In any given year, we won’t know what the final numbers are, including lapses, for the government as a whole and for individual departments until a document called the Public Accounts of Canada is tabled in Parliament. All during the budget year, several types of documents are tabled which update Parliamentarians and the public on the government’s spending plans. The Budget Plan is the best known and most widely covered but other less well-known documents with weird titles like Supplementary Estimates ‘C’ or Reports on Plans and Priorities are also important information-rich budget documents. [A handy primer here if you want to dig deep on the federal government budget cycle] But it is the annual Public Accounts of Canada which provide the final definitive numbers for the federal government’s fiscal year and which closes the books on that fiscal year. Until the Public Accounts are published for fiscal year x, pretty much everything about fiscal year x is an educated guess by the Finance Department, the Parliamentary Budget Office or Treasury Board. [Go deep on more info for The Public Acccounts at the Library of Parliament Web site]What Akin doesn't note is the difficulty in comparing one set of documents to another - which makes it (seemingly unnecessarily) difficult to actually see what money has been spent compared to what's been approved on a historical basis.
We do have the Public Accounts of Canada for the 2013-2014 (FY14) fiscal year. But the Public Accounts of Canada for FY15 will not and cannot be published until after this federal election when the next Parliament convenes.
And here we have our conundrum so far as our debate about the surprise surplus in FY15. We have the Consolidated Financial Statements of the Government of Canada for the FY15. This is the document [pdf] that came out this week that told us about the surprise surplus for FY15. These statements are verified by the Auditor General. But this financial statement has only some general things to say about lapses and is not very much help in providing us detailed information about which departments or agencies left money on the table.
If one wants to compare the money actually spent in 2014-2015 compared to the previous year alone for a relatively short list of departments as well as a government-wide comparison of amounts spent to amounts budgeted, that information is indeed found in the consolidated financial statements which the Cons went out of their way to release in advance of today's economic debate.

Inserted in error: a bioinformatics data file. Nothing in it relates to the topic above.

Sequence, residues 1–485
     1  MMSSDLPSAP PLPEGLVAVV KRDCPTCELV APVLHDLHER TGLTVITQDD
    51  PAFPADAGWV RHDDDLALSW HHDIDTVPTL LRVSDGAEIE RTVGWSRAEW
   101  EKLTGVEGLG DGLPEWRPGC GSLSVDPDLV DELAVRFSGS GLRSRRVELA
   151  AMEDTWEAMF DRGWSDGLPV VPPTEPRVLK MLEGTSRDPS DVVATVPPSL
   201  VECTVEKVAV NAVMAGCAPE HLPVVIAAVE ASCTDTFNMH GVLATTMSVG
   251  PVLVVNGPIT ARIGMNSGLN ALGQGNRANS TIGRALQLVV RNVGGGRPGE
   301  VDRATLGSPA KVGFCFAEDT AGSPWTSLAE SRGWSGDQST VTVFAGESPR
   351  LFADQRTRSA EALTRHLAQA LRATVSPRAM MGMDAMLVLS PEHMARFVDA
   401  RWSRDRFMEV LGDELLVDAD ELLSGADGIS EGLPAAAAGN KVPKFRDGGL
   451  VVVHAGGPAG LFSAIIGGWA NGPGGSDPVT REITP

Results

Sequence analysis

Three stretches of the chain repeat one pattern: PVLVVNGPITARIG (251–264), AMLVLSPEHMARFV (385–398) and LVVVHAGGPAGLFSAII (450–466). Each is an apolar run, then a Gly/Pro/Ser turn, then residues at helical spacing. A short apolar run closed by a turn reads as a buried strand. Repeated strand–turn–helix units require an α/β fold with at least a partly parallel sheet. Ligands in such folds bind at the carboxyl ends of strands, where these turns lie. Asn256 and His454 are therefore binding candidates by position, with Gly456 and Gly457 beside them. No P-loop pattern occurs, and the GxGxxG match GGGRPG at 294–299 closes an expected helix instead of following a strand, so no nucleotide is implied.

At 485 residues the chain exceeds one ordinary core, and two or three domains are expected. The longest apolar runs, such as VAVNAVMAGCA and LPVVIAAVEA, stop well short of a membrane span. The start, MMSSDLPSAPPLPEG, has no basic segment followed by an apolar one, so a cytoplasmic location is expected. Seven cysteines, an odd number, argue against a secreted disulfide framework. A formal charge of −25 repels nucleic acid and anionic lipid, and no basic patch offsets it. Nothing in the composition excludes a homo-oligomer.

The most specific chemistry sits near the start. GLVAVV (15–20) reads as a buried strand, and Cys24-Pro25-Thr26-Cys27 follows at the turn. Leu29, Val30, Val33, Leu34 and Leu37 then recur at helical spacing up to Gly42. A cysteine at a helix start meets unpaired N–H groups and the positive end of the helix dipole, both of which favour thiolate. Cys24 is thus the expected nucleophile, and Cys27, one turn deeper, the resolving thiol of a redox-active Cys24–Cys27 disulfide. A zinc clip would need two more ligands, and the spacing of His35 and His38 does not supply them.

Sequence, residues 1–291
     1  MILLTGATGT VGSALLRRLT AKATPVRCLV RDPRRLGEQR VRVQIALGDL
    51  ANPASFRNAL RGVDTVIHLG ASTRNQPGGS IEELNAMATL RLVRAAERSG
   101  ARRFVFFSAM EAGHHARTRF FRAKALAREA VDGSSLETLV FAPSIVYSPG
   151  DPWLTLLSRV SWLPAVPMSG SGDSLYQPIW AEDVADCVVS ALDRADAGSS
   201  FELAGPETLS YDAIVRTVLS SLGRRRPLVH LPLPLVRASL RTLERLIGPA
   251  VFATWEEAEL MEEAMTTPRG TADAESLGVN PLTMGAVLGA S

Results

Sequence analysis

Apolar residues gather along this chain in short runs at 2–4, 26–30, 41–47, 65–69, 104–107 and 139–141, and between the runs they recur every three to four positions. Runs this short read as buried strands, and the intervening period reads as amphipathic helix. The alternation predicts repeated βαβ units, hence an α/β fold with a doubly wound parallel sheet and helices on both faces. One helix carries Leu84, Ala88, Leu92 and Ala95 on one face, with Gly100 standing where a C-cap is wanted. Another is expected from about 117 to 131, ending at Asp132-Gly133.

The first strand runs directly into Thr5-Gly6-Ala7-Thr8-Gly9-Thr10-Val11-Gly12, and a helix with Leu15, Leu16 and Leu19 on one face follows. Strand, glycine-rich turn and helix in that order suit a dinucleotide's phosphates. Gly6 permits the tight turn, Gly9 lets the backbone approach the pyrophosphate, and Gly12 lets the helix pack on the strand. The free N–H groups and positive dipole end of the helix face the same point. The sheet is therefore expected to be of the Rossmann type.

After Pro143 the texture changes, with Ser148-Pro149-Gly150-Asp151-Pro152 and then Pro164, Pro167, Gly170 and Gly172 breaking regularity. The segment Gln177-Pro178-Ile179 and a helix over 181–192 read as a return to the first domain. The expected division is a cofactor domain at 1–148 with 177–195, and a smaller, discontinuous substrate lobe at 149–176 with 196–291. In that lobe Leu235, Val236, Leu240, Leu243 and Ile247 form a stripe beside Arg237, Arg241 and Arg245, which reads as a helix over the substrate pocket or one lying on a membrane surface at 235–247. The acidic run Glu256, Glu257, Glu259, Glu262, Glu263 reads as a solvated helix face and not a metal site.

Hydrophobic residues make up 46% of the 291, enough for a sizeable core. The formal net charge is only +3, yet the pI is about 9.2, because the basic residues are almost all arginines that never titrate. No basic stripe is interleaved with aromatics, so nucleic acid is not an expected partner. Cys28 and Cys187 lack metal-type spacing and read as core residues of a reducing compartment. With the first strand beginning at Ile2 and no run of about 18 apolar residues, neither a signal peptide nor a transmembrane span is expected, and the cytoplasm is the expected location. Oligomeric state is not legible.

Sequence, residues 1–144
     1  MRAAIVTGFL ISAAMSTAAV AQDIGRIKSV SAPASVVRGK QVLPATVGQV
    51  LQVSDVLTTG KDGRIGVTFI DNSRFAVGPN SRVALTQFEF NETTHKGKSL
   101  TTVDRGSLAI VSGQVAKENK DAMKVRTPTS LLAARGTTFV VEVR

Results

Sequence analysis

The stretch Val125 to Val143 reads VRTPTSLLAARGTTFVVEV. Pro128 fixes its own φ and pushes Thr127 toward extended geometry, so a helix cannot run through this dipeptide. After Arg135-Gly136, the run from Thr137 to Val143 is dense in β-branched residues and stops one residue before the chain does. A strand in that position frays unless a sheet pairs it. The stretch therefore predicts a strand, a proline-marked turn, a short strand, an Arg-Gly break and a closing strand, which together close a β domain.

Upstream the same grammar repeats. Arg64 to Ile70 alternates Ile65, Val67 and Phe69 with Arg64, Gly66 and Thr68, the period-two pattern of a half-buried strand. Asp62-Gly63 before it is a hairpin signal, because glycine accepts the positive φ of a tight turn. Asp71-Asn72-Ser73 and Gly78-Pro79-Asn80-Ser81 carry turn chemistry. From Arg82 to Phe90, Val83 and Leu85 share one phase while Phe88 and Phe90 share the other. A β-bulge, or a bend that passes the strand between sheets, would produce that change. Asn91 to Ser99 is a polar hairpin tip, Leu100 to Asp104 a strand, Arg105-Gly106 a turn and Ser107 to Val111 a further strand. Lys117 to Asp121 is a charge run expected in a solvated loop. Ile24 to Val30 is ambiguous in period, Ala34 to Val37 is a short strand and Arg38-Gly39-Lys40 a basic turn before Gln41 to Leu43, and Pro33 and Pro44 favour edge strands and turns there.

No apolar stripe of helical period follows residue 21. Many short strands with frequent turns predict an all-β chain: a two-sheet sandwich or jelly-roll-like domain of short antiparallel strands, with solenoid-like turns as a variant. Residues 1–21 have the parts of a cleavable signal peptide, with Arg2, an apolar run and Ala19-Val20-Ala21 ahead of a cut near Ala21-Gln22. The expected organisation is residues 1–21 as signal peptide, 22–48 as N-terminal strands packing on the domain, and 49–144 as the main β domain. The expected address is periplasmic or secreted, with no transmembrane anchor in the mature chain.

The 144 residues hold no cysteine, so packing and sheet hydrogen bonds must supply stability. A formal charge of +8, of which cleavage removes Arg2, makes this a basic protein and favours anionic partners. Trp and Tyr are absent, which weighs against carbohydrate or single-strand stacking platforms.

But if you want to compare the funding approved for 2014-2015 to the amounts actually spent by department? Good luck with that, since the consolidated financial statements don't go to that level of detail, and the estimates (PDF) reviewed by Parliament (and supplemented as noted by Akin) are based on different accounting methodologies and classifications.
To take Veterans' Affairs funding as an example, the estimates indicate that funding for the year should be approximately $3.6 billion, while the consolidated financial statements indicate actual funding of just over $1 billion.
To be clear, that doesn't mean that much veterans' affairs funding lapsed, as additional money was likely spent under other categories (largely transfer payments). But it does mean we have no way of directly comparing what the government actually approved for 2014-2015 with what was spent. And it's hard to see how anybody besides the Cons could be considered responsible for the selective release of information.
Nor do the consolidated financial statements offer any historical perspective on the comparison between approved and actual funding. It's possible for a department's spending to be up from one year to the next even as both numbers fall far short of what was debated and approved by Parliament. But you won't find that information without sifting through past documents - which themselves typically reflect at best a year's worth of historical data.
It's theoretically possible to make year-by-year comparisons between estimates and amounts spent by digging through a combination of financial statements, estimates and departmental plans and trying to trace the connections between various dollar figures. (Or alternatively, an MP can request that the information be prepared by a department.) But particularly in the context of an election campaign, we surely have to ask why the flow of information is set up to make it so difficult for anybody to put the government's self-serving headline numbers in context.
In sum, it's fair to ask opposition leaders to be responsible in commenting on the state of the public purse. But we shouldn't give the benefit of any doubt to a government going out of its way to blur the picture.